Original URL path: http://software.sawano.se/2012_04_01_archive.html (2016-05-02)
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  • sôft'wâr': March 2012
    behavior of our web service is simply a matter of defining our own order for the message converters and make sure the JSON converter comes before the Jaxb converter Read more Posted by Daniel Sawano 2 comments Email This BlogThis Share to Twitter Share to Facebook Share to Pinterest Links to this post Labels Jackson Java JAXB JSON Spring Spring MVC XML March 14 2012 Combining JSON and XML in RESTful web services with Spring MVC There are occasions when you need to support multiple representations of the same resource in a REST API For example a smartphone client might want the resource to be represented in JSON while your B2B partner s application that is integrating through your API wants the representation to be XML Willie Wheeler wrote an excellent blog post about how to support both XML and JSON from a web service endpoint using the new features of the RequestMapping annotation in Spring 3 1 The example in the blog post by intention uses two different URLs for the two different representations However when dealing with RESTful services the preferred approach to design your API would usually be to have a single URL for the resource regardless of what representation the requesting client is asking for A way to solve this is to let the requesting client specify what representation it prefers via the Accept header in the HTTP request The server will examine the request header and send back the resource in the proper representation This can very easily be implemented by using Spring MVC and I figured I will show you how this can be accomplished with the following example Read more Posted by Daniel Sawano 18 comments Email This BlogThis Share to Twitter Share to Facebook Share to Pinterest Links to this post Labels

    Original URL path: http://software.sawano.se/2012_03_01_archive.html (2016-05-02)
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  • sôft'wâr': Controlling message converters with Spring MVC 3.1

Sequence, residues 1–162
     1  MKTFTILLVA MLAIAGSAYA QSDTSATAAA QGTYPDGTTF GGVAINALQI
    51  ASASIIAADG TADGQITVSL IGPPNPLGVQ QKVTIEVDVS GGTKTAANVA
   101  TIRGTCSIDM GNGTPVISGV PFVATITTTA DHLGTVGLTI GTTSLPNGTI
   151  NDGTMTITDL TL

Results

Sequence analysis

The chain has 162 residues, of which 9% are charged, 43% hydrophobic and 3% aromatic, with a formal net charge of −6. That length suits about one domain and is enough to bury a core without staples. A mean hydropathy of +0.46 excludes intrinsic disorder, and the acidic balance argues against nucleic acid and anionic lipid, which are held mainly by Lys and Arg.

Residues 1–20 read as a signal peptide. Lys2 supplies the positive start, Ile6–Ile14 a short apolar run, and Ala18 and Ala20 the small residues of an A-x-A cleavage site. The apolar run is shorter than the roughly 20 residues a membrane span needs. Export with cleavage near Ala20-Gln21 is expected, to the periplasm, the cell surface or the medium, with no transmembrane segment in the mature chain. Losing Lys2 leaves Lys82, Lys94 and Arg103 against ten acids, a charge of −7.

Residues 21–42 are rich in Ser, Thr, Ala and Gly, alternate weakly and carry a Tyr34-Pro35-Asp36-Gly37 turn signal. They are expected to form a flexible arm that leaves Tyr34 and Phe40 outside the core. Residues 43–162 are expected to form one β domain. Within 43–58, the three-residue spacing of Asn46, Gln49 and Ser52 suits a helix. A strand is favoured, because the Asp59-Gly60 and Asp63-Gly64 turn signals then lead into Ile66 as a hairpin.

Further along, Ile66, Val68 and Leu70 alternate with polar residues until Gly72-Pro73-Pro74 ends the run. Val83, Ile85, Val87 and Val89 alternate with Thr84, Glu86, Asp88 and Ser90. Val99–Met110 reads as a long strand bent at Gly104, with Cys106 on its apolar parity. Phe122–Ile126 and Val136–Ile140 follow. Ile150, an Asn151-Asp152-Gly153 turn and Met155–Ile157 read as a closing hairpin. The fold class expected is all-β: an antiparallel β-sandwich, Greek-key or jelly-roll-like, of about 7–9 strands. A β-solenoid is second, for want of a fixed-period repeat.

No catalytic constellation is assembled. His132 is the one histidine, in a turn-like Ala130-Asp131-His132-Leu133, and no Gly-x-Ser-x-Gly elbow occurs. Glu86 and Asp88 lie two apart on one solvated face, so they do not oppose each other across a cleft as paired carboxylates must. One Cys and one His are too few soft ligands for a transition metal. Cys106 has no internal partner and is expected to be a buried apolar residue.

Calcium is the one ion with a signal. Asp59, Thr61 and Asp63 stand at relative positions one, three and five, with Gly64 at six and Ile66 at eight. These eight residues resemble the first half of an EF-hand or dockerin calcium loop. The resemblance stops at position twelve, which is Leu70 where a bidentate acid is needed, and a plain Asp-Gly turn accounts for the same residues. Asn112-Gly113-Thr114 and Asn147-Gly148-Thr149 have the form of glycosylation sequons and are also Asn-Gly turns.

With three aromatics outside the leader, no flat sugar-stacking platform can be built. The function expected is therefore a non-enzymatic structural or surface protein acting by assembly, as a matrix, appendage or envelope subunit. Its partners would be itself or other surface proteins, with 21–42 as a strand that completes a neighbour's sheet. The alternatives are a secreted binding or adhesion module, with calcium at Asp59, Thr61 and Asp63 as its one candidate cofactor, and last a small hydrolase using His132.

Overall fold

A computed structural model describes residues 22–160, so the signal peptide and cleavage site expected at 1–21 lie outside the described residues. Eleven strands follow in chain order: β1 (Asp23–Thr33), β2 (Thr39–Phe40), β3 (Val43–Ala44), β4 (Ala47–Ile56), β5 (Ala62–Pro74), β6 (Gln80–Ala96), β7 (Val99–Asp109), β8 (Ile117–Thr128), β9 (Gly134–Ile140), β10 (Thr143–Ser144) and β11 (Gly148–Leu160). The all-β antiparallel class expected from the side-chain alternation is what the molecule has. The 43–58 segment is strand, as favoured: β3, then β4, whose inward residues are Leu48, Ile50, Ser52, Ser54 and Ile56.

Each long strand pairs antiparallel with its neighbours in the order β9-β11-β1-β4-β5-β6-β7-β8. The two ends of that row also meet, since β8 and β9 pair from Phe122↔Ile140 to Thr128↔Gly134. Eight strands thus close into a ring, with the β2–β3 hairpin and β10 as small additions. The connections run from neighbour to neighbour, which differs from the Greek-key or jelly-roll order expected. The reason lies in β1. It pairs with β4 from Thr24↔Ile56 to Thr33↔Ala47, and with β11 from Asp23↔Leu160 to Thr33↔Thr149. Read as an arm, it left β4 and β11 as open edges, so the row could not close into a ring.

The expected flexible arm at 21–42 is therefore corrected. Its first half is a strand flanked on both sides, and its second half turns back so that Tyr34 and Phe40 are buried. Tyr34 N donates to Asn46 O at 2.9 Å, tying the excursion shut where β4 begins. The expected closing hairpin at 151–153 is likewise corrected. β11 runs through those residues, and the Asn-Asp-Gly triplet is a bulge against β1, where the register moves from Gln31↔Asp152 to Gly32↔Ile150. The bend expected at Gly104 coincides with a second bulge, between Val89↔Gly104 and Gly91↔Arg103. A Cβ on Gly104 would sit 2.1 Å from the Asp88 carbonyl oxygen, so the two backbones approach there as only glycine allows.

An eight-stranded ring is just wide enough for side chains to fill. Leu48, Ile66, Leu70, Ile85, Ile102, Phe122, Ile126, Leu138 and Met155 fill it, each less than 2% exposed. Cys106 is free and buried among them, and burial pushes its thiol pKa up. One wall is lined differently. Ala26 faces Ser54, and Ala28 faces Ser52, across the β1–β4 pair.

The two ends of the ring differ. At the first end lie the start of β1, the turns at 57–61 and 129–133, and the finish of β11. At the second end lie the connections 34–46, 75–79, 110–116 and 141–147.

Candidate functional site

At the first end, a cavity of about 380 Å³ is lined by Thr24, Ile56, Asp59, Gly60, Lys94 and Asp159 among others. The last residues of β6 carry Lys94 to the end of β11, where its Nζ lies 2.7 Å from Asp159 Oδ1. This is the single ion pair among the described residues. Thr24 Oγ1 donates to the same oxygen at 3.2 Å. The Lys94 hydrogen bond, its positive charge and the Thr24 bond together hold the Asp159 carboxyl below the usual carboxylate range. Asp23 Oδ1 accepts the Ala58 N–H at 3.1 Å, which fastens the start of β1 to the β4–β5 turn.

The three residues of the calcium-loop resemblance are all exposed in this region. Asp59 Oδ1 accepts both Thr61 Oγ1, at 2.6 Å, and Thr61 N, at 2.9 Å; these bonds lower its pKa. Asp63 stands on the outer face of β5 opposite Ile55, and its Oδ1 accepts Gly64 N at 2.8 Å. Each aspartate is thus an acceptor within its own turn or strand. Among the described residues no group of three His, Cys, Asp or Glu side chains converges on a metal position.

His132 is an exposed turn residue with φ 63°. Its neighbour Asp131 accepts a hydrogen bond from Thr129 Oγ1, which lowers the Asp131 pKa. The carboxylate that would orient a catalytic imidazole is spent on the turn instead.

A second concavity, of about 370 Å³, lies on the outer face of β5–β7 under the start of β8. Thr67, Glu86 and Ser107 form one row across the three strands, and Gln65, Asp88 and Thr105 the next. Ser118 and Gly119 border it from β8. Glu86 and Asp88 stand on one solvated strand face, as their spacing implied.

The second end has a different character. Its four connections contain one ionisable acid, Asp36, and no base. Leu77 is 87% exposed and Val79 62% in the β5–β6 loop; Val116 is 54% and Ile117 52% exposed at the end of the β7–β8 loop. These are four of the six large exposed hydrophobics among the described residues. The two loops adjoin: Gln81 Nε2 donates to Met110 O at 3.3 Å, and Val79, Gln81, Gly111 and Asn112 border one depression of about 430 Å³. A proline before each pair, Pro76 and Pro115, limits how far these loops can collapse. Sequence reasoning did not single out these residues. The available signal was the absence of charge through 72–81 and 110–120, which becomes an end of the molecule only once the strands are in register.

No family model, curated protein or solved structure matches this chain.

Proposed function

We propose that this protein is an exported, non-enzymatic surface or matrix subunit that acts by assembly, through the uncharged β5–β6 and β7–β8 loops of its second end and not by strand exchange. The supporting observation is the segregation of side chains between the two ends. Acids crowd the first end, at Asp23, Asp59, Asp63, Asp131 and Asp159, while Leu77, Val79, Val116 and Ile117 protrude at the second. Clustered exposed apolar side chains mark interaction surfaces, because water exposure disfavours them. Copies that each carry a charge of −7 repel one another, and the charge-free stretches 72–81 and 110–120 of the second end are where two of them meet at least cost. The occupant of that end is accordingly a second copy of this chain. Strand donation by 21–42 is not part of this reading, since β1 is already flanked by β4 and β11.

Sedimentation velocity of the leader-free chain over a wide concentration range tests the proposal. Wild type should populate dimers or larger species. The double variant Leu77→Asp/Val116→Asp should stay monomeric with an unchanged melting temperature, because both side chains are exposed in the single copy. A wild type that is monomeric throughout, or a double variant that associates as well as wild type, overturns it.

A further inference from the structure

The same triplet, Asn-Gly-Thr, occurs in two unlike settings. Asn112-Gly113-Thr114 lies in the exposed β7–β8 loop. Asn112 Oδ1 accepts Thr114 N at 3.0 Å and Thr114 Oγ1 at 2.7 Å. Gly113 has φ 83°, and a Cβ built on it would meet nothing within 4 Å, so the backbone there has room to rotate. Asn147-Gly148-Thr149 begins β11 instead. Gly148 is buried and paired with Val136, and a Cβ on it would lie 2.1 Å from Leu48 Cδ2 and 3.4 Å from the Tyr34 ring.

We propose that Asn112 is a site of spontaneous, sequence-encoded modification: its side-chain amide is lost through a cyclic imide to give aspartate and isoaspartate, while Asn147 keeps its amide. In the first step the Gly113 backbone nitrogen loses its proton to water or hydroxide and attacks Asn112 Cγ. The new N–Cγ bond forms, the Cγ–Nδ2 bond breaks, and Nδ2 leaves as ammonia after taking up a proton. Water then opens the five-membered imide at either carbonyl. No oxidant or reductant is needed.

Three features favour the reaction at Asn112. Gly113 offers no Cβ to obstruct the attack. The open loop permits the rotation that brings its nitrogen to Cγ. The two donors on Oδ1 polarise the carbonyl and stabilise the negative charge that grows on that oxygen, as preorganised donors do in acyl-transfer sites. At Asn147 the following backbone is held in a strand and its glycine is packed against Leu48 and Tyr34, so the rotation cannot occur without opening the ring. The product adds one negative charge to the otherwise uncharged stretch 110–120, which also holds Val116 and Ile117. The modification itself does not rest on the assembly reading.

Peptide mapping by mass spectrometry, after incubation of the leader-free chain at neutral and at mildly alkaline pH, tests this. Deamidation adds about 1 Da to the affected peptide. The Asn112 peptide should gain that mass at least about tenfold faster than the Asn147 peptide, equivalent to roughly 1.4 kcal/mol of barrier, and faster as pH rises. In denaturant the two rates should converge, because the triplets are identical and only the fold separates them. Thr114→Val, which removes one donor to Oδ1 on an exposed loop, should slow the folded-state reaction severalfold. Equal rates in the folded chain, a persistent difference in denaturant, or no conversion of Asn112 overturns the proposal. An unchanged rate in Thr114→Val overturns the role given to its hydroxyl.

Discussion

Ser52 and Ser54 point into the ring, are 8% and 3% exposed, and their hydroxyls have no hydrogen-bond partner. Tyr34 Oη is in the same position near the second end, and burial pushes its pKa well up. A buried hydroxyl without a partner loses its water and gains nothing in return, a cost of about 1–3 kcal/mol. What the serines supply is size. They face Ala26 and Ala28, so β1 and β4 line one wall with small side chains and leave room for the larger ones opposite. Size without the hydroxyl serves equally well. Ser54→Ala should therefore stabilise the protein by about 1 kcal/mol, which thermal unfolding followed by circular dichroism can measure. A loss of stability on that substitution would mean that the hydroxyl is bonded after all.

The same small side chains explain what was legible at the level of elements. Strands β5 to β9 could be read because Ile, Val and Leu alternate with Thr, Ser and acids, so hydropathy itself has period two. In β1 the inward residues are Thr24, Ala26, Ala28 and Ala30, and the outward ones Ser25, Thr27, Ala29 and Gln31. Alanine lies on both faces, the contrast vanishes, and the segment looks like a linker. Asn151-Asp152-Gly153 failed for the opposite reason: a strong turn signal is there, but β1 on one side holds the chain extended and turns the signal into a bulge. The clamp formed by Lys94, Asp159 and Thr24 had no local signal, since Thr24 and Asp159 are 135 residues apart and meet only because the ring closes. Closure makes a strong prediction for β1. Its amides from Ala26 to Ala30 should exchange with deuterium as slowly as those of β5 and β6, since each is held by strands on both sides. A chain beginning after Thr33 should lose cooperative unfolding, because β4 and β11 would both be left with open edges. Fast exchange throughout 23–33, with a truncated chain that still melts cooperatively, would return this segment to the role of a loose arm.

simply a matter of defining our own order for the message converters and make sure the JSON converter comes before the Jaxb converter We can do this by using the new mvc message converters configuration element in Spring MVC 3 1 If we change our configuration from this mvc annotation driven to a configuration that specifies the order of the message converters explicitly like this mvc annotation driven mvc message converters bean class org springframework http converter json MappingJacksonHttpMessageConverter bean class org springframework http converter xml Jaxb2RootElementHttpMessageConverter mvc message converters mvc annotation driven we will get the desired result If you run the above integration test again you will now see that the data is returned in JSON format If you want to prevent any default message converters to be added in addition to the ones you explicitly specify then you can control that with the register default attribute An example of that would be mvc message converters register defaults false With the new features in Spring MVC 3 1 controlling message converters has become really easy and we have now enhanced our REST API to return JSON by default Posted by Daniel Sawano Email This BlogThis Share to Twitter Share to Facebook Share to Pinterest Labels Jackson Java JAXB JSON Spring Spring MVC XML 2 comments Anonymous 12 June 2012 04 14 Hi Daniel I read your previous and this post I tried to implement the similar thing but unfortunately it is always returning XML regardless of the message converters defined Any idea Reply Delete Replies Daniel Sawano 13 June 2012 12 57 Hi remember that you need to remove the previous line in the example Otherwise it will interfere Also it is all based on the accept header so if you are testing with a browser you need

    Original URL path: http://software.sawano.se/2012/03/controlling-message-converters-with.html (2016-05-02)
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  • sôft'wâr': Mockito: Default values and how to get more out of them